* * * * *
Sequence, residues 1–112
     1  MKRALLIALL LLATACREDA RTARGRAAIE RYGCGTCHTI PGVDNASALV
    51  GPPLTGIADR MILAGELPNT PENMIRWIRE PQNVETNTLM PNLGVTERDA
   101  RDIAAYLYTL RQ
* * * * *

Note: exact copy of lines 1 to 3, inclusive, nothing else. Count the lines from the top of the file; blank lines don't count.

Sequence, residues 1–112
     1  MKRALLIALL LLATACREDA RTARGRAAIE RYGCGTCHTI PGVDNASALV
    51  GPPLTGIADR MILAGELPNT PENMIRWIRE PQNVETNTLM PNLGVTERDA